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Hyperhidrosis: Working Up a "Sweat"


Excessive sweating may be caused by a variety of conditions or prescription drugs.

How best to assess a male patient with paroxysms of "sweating"?

- Lincy Mathew, MD
   Fremont, Calif

Hyperhidrosis, or sweating beyond what is necessary to maintain thermal regulation, may be primary or secondary to a number of diseases and prescribed drugs. It may be localized (focal) or generalized. Regardless of the type or the cause of hyperhidrosis, it is often socially embarrassing and occupationally disabling. It has a profound effect on quality of life.

Primary essential or focal hyperhidrosis begins in childhood or even infancy and usually affects the hands, feet, and axillae. This physiologic disorder is frequently inherited and is made worse by heat and anxiety. Characteristically, it occurs during waking hours and recedes or disappears completely during sleep.

Various drugs, including β-blockers, physostigmine, pilocarpine, and tricyclic antidepressants, may cause generalized hyperhidrosis and sometimes focal hyperhidrosis. A number of neoplastic conditions, infectious disorders, and neurologic disorders and lesions can also cause generalized hyperhidrosis. Metabolic disorders such as thyrotoxicosis, hypoglycemia, menopause, and pheochromocytoma may account for the onset of hyperhidrosis in adults.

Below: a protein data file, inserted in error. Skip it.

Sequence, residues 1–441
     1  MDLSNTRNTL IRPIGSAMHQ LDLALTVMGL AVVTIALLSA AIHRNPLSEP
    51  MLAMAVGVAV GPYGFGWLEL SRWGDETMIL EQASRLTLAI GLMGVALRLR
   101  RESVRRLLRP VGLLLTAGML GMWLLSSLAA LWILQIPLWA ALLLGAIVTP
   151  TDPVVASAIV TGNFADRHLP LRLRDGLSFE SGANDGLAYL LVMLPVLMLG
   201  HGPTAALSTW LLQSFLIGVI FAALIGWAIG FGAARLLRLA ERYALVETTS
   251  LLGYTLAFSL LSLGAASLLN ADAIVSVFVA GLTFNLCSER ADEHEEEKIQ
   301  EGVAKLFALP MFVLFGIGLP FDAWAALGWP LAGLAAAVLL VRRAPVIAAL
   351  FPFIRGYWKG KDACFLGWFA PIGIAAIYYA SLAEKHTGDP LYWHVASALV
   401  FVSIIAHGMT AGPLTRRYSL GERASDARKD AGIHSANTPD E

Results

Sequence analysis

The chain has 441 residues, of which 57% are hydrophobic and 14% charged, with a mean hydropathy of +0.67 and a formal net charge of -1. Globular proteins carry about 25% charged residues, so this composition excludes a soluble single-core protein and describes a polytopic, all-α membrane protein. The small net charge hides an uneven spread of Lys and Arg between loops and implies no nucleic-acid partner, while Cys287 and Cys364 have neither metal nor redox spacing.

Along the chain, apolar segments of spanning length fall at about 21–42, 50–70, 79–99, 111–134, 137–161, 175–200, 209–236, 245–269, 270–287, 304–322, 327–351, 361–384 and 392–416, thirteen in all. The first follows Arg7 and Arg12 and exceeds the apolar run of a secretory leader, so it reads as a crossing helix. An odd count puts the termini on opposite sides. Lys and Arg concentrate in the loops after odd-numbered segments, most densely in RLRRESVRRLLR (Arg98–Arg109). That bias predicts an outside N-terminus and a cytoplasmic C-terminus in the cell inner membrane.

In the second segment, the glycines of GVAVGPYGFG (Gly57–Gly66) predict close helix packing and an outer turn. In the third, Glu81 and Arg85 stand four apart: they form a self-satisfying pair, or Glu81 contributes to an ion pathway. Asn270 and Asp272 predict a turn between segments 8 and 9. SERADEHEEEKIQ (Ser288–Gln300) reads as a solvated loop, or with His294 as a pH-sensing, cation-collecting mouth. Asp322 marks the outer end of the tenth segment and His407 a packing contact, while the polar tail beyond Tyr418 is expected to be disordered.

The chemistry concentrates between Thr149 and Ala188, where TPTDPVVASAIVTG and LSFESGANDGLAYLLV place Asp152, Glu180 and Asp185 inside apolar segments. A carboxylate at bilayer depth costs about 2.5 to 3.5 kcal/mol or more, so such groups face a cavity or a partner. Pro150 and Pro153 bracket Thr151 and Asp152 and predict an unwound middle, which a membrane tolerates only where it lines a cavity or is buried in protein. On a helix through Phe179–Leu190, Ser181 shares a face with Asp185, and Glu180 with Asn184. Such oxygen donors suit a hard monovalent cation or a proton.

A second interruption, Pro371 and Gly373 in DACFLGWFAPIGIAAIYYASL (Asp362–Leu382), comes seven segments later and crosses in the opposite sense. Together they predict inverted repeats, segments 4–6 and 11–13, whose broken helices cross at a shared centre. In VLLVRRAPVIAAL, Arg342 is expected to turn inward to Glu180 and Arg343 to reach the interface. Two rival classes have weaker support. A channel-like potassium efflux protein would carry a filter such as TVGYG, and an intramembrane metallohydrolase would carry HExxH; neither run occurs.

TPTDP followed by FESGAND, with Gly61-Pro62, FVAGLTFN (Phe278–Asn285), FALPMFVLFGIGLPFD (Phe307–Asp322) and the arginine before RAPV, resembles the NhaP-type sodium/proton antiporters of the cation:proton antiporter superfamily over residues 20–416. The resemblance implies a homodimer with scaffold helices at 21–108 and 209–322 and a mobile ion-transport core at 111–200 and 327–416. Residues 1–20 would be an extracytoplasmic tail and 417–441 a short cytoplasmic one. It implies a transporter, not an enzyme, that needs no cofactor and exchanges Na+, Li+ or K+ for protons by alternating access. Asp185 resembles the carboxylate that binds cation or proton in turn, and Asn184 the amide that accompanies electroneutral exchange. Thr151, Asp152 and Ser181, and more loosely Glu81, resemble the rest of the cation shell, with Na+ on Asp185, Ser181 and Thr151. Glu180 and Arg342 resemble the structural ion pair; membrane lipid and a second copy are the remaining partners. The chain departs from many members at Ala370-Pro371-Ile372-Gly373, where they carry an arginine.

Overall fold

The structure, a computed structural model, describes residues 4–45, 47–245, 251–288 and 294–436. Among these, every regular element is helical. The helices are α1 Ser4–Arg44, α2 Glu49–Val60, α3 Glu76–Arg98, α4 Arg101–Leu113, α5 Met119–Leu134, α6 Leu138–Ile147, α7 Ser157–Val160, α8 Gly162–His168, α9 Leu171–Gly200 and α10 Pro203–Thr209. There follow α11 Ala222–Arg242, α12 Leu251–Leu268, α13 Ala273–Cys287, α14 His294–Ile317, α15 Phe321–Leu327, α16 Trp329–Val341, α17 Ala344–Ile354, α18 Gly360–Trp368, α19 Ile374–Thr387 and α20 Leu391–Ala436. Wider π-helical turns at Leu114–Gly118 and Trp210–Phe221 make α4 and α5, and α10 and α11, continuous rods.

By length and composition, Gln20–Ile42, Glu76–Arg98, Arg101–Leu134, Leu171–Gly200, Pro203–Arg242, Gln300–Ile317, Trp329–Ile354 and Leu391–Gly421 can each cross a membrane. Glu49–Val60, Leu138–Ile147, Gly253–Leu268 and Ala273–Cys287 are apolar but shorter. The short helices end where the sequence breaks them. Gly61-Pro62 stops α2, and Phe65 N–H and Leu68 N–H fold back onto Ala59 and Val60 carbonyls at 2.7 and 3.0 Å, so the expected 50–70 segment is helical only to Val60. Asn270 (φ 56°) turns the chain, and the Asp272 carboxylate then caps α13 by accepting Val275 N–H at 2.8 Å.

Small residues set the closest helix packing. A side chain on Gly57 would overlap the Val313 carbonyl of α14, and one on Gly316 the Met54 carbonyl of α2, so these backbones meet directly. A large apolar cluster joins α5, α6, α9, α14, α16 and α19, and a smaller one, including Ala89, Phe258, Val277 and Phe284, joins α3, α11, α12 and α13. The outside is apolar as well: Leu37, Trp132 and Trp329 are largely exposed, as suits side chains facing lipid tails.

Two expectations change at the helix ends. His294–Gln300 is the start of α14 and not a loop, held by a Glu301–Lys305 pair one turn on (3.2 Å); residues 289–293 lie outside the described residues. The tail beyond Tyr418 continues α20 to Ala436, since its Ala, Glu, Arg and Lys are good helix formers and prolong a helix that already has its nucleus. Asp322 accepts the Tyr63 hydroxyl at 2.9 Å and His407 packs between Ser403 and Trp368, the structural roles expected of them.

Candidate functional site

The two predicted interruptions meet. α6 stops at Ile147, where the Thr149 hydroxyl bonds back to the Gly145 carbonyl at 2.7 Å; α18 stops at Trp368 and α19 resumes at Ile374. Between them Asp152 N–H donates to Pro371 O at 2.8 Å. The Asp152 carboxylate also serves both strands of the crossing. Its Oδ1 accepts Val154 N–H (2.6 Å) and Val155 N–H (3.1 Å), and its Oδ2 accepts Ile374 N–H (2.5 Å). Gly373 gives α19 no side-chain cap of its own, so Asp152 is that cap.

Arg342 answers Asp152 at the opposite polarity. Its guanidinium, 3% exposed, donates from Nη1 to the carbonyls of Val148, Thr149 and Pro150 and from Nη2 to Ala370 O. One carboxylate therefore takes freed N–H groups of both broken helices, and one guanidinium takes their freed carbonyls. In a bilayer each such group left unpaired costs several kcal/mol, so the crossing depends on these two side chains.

In assessing a patient with hyperhidrosis, the following questions are important:

  • What was the age at onset?

  • Is it generalized or localized?

  • Does the disorder occur around the clock or only while the patient is awake?

  • Did it follow drug exposure?

  • Is it associated with other symptoms that might point toward a neoplastic or infectious etiology?

  • Is there any accompanying neurologic deficit that might indicate a neurologic cause?

  • Are there associated physical findings, such as episodic hypertension, that might occur in a patient with pheochromocytoma?

For focal palmar and plantar hyperhidrosis, iontophoresis is highly effective and safe, and it remains the therapy of choice. Endoscopic sympathectomy carries with it a significant risk of compensatory hyperhidrosis and should rarely be recommended. Botulinum toxin A is a highly effective treatment for axillary hyperhidrosis. Certain drugs, including anticholinergics and clonidine, are sometimes useful for the management of generalized hyperhidrosis.

- Lewis P. Stolman, MD
   Associate Clinical Professor of Pediatrics and Dermatology
   New Jersey Medical School
   University of Medicine and Dentistry of New Jersey



  • Hornberger J, Grimes K, Naumann M, et al; Multi-Specialty Working Group on the Recognition, Diagnosis, and Treatment of Primary Focal Hyperhidrosis. Recognition, diagnosis, and treatment of primary focal hyperhidrosis. J Am Acad Dermatol. 2004;51:274-286.

  • Stolman LP. Treatment of hyperhidrosis [published correction appears in J Drugs Dermatol. 2003;2:619]. J Drugs Dermatol. 2003;2:521-527.
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